In response to the Erb’s Palsy Group’s #2point6challenge I delivered leaflets to 260+ homes for my local Community Support Group. The leaflets publicised services by volunteers ready to, pick up shopping or medication, post mail, offer a friendly phone call, or do whatever might be needed to help vulnerable people in isolation during the COVID-19 pandemic.
Each leaflet was paired with a card advertising a free, confidential, NHS talking therapy service to improve mental and physical well-being during the COVID-19 pandemic.
I wore several pairs of protective gloves for this exercise and, from the outset, it was clear that someone with a brachial plexus palsy injury would find what I was doing quite challenging. For those not familiar with the condition, it is mainly due to birth trauma and can affect some or all of the 5 primary nerves in the brachial plexus that supply the movement and feeling to an arm. A moderately severe injury can cause an inability to:
- fully turn the hand so the palm faces up
- fully turn the hand so the palm is flat
- grip with fingers and thumb
- raise the injured arm above chest or head height
and may result in:
- reduced dexterity, especially for repetitive actions
- reduced grip strength in the affected arm or hand
- loss of sensation in the fingers, hand and arm
- pain during movements at the end of the range of motion
- impaired balance
The simple act of putting on a pair of gloves could be a challenge. Having done this, I folded the leaflet over the card so that I could push both each letterbox deftly and silently to avoid disturbing the inhabitants or worse, their dogs!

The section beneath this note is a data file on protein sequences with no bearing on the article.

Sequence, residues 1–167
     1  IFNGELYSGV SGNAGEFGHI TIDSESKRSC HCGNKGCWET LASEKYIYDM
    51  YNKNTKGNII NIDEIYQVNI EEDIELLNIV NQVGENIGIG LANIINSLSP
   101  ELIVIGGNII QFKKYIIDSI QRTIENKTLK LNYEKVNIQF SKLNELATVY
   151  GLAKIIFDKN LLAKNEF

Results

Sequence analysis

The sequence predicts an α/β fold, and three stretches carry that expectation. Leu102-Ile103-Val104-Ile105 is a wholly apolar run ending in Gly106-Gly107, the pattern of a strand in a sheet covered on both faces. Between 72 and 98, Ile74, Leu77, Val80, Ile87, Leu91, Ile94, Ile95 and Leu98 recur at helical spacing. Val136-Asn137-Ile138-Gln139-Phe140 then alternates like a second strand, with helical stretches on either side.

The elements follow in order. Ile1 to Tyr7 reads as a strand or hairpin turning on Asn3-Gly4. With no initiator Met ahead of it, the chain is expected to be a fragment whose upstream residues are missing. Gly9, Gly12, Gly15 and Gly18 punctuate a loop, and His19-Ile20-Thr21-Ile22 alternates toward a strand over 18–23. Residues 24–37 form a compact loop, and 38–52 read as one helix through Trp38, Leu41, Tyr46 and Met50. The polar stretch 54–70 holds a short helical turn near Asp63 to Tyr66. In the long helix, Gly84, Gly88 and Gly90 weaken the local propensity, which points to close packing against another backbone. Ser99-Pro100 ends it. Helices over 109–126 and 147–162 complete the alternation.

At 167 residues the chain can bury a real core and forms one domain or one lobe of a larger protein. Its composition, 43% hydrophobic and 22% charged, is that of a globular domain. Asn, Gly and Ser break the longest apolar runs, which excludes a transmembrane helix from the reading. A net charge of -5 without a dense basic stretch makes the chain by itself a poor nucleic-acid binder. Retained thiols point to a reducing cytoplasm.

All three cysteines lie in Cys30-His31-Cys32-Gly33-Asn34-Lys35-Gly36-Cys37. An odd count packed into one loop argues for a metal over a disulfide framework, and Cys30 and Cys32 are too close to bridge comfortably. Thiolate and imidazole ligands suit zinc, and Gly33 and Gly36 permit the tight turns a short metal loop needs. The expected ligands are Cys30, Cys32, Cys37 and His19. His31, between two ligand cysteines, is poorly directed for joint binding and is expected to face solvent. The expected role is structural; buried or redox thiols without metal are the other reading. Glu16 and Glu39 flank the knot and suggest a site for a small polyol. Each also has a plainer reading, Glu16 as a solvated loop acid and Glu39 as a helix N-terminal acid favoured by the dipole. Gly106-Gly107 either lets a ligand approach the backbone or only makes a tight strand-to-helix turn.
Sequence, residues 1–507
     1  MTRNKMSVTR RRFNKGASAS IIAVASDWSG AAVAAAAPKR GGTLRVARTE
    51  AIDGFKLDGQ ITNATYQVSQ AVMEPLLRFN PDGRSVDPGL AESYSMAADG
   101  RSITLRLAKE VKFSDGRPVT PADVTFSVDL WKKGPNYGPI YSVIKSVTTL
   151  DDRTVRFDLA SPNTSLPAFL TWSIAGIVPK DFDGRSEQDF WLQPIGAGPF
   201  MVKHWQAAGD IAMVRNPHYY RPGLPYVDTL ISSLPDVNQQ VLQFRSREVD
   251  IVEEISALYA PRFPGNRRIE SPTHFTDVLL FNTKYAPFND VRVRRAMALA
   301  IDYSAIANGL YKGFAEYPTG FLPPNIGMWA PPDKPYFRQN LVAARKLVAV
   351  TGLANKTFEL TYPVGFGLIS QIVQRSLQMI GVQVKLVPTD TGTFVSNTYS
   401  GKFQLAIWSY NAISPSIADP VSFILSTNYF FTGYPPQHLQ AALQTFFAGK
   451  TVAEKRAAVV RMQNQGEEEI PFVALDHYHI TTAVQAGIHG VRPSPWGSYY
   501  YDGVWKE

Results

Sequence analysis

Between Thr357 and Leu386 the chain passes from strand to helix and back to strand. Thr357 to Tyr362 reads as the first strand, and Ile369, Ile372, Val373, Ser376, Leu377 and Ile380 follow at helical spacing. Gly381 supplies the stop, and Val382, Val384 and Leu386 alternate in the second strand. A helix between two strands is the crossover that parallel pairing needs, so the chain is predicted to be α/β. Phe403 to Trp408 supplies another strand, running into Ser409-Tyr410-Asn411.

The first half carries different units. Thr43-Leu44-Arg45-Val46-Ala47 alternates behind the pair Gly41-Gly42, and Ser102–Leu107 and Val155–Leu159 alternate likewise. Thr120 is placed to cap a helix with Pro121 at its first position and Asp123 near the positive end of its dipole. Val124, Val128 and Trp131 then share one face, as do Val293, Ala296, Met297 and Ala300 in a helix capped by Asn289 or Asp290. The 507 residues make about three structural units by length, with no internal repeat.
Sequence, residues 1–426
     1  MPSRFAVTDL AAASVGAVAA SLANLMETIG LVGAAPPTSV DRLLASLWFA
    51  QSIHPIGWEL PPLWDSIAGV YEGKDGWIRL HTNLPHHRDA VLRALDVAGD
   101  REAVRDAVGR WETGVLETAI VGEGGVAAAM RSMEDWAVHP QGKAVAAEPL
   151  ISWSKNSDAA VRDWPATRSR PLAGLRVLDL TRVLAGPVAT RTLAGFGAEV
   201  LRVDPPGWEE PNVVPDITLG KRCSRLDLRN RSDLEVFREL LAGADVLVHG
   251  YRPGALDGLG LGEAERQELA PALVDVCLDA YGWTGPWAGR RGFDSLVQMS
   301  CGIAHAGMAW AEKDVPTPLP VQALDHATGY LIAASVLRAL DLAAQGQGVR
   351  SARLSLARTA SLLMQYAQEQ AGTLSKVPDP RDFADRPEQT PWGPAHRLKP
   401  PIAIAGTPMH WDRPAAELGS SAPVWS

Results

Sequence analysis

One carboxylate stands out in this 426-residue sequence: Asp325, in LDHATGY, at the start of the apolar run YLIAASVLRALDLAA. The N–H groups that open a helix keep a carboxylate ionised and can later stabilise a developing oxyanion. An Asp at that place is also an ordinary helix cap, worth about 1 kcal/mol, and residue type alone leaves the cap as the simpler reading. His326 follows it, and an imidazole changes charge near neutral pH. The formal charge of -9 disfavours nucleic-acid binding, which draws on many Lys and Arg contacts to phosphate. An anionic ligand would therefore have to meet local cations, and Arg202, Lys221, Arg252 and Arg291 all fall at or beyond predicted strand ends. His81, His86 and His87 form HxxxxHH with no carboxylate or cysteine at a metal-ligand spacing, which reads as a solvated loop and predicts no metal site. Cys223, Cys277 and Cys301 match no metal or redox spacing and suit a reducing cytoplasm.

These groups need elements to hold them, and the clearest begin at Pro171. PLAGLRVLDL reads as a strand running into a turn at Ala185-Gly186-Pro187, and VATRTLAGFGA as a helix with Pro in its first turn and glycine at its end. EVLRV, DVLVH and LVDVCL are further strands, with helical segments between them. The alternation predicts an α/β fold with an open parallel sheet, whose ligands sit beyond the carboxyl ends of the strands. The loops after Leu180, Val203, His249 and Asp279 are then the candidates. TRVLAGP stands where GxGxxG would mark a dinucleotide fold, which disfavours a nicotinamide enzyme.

Folding the leaflet was a two-handed activity and once I had achieved this and gripped the leaflet and card firmly, I needed my free hand to lift the letterbox cover. The first letterbox I tackled was fitted with tight draft excluders, actually many letter boxes had this feature, which frankly should be banned in summer as it can take the skin off your hand! These letter boxes needed a very firm thumb and hand grip to hold the leaflet and card flat, then a firm push followed by careful withdrawal of the hand and a quiet release of the letterbox lid. A frustrated dog lurked behind each door, for all I knew. In between each letterbox I would repeat the exercise of folding the card into the leaflet, ready for the next drop.
I found letterboxes at low level, waist-height and sometimes above head height. The high letterboxes would be particularly challenging for someone with brachial plexus palsy who cannot raise their arms above chest height. It would be a painful manoeuvre or simply impossible. I had to post through several letterboxes at basement level accessed by narrow stairs which required good balance. In fact going down and up or up and down stairs was quite a feature in this exercise because two of the roads that I tackled were in a very hilly part of town. I did my challenge over the course of two evenings after work and a Saturday morning, using each as my Boris Walk for the day. The task made me empathise all the more with those who do not have bi-manual skills; my lovely postman has earned even more respect, a bottle of wine and a packet of jelly babies following this exercise.
My challenge took me about 4 hours to complete, but those who live with a brachial plexus palsy face challenges with bi-manual activities, every day of their lives. I am very happy to make a donation to support the work of the Erb’s Palsy Group’s.
Endurance Arthur May 2020
For more on information and guidance on Erb's Palsy please visit our dedicated support page.